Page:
Global Investing Made Easy

By Will Ashworth | April 08, 2009 AAA

It has been previously suggested that investors should follow one-time Fidelity Investments money manager Peter Lynch's example and invest in everyday companies - those you are most familiar with, as you use their products or services on a daily basis. The top American brands in the Business Week/Interbrand Global 100 ranking outperformed the S&P 500 between 2000-2008 by 59.52%. $10,000 invested in the top American brands at the beginning of 2000 was worth $13,140 at the end of 2008. This compares very favorably with the index, which saw its $10,000 shrink to $7,190 over the same period. Opportunities exist right under your nose. (For more information, read Pick Stocks Like Peter Lynch.)

IN PICTURES: World's Greatest Investors

America Still Has Great Brands
While the rest of the world is catching up, America still has the most brands on the Global 100 list with 52. Included in the group are financial services stinkers AIG (NYSE:AIG), Citigroup (NYSE:C) and Bank of America's (NYSE:BAC) Merrill Lynch division, as well as big-three disaster, Ford (NYSE:F). Curious whether the stellar stock performance of these superstar brands translates to the retail industry, I compared the S&P 500 performance for the last nine years with the performance of America's top 10 retail brands. In order to qualify, a brand's stock must have traded for the entire period. Unfortunately, the retail brands didn't fare nearly as well. Over nine years, the top 10 retail stocks in America dropped 31%, three percentage points worse than the S&P 500 and 62% worse than America's top global brands. It appears globalization definitely is good for shareholders. (The key to survival for many financial institutions could be to efficiently serve a global customer base. Read The Globalization Of Financial Services for more.)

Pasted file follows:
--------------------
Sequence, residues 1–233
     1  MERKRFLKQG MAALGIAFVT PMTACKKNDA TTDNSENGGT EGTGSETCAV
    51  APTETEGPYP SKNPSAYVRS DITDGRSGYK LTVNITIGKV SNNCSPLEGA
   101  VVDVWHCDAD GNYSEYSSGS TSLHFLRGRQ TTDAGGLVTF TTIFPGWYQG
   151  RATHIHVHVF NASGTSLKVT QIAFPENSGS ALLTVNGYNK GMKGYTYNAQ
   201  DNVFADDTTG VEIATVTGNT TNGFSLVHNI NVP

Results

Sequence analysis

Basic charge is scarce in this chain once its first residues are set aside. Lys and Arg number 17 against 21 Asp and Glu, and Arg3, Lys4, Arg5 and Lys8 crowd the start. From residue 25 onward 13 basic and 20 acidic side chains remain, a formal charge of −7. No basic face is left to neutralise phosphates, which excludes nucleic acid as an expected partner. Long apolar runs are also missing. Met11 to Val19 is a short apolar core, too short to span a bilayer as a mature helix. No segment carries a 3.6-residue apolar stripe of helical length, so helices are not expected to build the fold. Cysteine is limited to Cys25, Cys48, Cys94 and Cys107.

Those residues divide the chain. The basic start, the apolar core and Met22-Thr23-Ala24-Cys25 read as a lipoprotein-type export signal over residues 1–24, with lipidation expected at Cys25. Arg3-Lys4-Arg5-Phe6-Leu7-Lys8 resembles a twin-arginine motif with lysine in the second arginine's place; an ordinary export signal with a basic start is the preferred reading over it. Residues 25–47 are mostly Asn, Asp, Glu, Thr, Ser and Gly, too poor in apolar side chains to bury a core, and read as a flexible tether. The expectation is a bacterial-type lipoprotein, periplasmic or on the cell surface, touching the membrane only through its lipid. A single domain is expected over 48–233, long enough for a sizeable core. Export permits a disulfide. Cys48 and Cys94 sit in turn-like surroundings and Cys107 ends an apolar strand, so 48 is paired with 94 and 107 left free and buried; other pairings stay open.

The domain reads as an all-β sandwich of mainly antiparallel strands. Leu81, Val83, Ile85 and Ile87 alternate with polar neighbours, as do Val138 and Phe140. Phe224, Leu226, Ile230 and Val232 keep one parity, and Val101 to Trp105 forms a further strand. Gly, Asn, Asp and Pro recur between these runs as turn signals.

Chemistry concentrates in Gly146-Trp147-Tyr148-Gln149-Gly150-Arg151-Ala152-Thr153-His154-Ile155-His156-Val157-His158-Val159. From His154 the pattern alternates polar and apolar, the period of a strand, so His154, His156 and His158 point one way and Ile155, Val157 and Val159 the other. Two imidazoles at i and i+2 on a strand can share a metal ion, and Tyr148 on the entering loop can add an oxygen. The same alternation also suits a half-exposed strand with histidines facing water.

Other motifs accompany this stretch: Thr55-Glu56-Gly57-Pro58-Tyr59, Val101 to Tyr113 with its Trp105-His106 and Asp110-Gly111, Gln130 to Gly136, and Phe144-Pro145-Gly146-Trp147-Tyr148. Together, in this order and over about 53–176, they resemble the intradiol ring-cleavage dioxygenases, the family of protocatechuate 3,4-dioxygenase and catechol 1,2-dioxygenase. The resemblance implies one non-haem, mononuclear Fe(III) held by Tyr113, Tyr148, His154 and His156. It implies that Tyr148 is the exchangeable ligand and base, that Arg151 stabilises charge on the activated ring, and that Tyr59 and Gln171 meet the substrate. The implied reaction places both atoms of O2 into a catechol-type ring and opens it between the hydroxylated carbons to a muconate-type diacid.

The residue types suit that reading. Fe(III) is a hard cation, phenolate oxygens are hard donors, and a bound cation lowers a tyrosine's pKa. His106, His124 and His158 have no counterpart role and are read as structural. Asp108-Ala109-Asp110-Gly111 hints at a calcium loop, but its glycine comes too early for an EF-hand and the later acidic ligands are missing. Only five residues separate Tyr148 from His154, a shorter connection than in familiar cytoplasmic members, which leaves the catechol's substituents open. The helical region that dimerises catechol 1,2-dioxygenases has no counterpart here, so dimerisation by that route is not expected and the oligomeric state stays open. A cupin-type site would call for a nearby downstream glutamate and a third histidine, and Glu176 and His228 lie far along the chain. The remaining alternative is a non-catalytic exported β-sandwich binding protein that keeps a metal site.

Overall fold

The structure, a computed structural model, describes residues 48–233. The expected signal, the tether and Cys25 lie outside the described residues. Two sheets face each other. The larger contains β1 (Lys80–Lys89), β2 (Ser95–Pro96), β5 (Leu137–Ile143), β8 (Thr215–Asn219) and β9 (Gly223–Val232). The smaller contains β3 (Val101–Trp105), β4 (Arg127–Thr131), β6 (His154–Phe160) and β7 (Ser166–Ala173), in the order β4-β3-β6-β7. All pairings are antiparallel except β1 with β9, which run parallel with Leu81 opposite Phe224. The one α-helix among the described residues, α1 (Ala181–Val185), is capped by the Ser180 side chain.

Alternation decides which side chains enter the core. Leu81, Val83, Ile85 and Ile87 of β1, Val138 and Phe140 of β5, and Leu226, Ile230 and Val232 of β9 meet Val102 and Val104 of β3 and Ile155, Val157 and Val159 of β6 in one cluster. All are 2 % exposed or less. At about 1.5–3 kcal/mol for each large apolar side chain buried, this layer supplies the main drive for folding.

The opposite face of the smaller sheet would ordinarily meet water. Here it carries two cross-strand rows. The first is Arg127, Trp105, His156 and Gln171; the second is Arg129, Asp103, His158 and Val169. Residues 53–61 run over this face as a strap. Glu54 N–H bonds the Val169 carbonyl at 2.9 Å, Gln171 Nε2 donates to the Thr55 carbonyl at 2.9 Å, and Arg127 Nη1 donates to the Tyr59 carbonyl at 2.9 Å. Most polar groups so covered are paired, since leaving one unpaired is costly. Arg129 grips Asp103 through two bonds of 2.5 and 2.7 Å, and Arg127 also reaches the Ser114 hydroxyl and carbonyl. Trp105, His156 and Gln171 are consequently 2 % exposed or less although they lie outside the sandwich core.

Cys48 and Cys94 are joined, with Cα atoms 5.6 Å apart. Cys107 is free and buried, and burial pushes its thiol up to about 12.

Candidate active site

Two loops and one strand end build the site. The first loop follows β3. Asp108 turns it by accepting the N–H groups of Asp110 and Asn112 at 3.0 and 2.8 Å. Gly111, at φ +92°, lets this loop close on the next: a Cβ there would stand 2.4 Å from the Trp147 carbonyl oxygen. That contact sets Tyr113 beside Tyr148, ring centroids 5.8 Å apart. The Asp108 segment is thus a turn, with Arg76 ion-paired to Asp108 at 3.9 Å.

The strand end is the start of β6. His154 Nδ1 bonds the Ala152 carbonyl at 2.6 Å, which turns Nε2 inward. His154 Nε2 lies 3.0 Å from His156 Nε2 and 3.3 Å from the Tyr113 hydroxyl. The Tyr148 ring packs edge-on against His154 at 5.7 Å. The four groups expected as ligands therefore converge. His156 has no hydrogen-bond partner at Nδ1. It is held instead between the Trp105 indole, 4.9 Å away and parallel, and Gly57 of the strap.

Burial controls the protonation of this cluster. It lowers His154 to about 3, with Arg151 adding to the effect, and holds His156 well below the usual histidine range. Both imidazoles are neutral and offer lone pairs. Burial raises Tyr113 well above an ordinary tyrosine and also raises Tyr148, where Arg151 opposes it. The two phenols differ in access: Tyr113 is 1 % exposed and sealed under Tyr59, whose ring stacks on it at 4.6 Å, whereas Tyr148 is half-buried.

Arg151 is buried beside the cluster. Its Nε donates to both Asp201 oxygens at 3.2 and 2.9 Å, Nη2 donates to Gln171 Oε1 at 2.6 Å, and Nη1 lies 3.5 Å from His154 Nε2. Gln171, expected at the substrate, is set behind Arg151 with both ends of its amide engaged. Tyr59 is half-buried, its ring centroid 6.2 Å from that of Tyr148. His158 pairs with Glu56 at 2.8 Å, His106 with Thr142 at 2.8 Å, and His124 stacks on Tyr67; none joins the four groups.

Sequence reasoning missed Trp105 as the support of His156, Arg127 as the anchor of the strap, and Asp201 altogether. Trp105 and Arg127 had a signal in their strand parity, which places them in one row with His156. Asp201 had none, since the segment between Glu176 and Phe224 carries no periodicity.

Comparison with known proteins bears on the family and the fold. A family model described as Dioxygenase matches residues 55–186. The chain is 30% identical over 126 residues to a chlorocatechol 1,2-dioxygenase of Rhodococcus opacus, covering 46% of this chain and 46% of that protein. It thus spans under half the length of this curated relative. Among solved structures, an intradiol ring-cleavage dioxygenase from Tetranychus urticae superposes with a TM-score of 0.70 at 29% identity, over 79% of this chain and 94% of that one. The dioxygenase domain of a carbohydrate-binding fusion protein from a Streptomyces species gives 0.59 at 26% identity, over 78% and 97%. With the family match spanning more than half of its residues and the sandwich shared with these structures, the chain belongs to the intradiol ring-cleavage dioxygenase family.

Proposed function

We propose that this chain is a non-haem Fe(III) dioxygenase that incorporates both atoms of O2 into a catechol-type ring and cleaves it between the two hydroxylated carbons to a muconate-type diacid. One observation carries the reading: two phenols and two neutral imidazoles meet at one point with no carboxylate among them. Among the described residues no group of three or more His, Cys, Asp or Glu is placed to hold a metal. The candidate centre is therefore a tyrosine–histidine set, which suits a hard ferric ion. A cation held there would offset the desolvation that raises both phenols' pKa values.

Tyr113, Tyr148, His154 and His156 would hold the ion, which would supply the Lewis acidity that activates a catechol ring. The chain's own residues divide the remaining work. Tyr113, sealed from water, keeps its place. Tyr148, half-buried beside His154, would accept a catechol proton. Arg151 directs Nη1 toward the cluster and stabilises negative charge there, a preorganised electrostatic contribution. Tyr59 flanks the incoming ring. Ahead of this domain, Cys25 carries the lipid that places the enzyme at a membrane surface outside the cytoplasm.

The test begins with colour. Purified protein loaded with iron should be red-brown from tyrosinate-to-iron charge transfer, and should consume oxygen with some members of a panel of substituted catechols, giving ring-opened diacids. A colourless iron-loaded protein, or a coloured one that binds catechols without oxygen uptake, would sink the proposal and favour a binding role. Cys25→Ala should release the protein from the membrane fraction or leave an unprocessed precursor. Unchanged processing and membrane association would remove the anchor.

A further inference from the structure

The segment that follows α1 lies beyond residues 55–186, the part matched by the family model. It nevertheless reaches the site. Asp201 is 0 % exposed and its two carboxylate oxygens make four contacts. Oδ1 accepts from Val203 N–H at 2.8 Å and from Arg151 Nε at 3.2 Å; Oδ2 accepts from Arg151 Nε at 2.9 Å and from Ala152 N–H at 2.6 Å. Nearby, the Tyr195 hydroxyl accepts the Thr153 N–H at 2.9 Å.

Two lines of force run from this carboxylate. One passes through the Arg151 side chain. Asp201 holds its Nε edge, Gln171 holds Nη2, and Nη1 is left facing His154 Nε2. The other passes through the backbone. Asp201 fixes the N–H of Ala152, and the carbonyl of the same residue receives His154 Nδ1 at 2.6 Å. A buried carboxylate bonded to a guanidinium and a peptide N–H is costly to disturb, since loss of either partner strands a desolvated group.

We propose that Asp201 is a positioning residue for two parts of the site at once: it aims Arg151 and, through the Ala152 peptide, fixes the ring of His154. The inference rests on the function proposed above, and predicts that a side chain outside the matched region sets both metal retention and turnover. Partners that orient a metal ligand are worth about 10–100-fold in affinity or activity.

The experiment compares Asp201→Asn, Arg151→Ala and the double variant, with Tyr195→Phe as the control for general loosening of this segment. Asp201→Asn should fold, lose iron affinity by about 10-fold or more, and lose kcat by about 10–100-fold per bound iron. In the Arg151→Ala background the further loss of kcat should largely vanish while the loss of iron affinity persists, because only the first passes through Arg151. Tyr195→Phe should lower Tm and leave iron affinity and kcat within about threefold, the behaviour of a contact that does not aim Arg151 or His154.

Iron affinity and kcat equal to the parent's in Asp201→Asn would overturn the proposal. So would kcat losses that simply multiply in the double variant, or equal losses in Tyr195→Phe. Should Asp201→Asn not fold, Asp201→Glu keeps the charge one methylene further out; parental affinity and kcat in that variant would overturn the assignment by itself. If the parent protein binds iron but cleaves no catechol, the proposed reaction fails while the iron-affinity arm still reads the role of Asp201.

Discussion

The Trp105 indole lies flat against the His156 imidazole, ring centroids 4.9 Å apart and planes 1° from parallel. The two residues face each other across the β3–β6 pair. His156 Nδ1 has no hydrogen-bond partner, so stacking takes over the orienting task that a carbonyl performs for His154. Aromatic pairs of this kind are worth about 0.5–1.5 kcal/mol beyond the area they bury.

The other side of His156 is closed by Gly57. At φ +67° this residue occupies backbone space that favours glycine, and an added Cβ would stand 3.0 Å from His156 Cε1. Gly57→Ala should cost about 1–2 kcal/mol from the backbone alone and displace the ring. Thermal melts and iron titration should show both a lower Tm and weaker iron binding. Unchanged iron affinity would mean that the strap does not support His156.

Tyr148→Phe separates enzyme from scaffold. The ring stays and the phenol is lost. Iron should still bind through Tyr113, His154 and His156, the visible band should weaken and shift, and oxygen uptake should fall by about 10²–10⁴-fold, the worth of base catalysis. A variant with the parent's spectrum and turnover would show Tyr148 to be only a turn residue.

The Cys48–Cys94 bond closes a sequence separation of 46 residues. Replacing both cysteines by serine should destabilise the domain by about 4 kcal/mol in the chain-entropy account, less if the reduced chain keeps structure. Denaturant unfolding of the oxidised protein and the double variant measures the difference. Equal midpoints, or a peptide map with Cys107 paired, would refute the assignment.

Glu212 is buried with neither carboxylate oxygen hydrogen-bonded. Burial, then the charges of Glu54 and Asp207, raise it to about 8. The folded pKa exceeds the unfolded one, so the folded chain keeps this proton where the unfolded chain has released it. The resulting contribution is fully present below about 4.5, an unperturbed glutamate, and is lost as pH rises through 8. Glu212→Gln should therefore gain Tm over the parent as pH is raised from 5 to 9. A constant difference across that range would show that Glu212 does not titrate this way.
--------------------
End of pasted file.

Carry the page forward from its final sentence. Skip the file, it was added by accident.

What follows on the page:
How to Pick Winners
Back in 2001, when Interbrand and Business Week released their first ranking of the top 100 global brands, the U.S. had 62 names on the list. The five lowest ranked American brands (those publicly traded) included Pampers - in the Procter & Gamble (NYSE:PG) family, Jack Daniels – part of Brown-Forman (NYSE:BF.B), Starbucks (Nasdaq:SBUX), FedEx (NYSE:FDX), and Ralph Lauren (NYSE:RL). Only Procter & Gamble, Starbucks and FedEx remain today. Interestingly, FedEx dropped off the list for several years until reappearing in 2008. What does this mean? The longer your brand stays on the list and the more spots it moves up in any given year is an indication the brand (and, by extension, the company) is likely doing well. When this happens, the stock price is sure to follow.

The Bottom Line
In the 2008 report, five companies saw their brand values increase by 10% or more, with Google's (Nasdaq:GOOG) jumping 43% to $25.6 billion, making it one of the top 10 most valuable brands in the world. Unfortunately, its stock didn't fare nearly as well, dropping 55.5%, 17% worse than the S&P 500. As I said in the previous paragraph, when a company's brand value increases, its stock price will surely follow. Year-to-date (YTD), and just like clockwork, Google's stock is up 20.2%, 27.8% better than the index.

The second highest increase in brand value in 2008 came from Apple (Nasdaq:AAPL), up 24% to $13.7 billion. Meanwhile, its stock dropped 56.9%, 18.4% worse than the index. Not surprisingly, its stock is up 38.8% YTD to close of April 6 - 43.5% better than the index. The moral of the story: If you want to benefit from everyday investing, the first place to look for winners is the Global 100. The numbers speak for themselves.

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